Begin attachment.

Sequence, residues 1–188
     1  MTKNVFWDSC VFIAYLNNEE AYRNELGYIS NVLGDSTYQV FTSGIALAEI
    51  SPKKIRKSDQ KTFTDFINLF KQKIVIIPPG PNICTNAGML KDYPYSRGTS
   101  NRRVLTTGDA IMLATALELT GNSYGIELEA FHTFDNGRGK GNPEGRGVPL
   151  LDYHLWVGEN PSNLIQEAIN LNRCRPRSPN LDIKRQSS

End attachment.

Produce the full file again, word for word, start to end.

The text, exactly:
Sequence, residues 1–188
     1  MTKNVFWDSC VFIAYLNNEE AYRNELGYIS NVLGDSTYQV FTSGIALAEI
    51  SPKKIRKSDQ KTFTDFINLF KQKIVIIPPG PNICTNAGML KDYPYSRGTS
   101  NRRVLTTGDA IMLATALELT GNSYGIELEA FHTFDNGRGK GNPEGRGVPL
   151  LDYHLWVGEN PSNLIQEAIN LNRCRPRSPN LDIKRQSS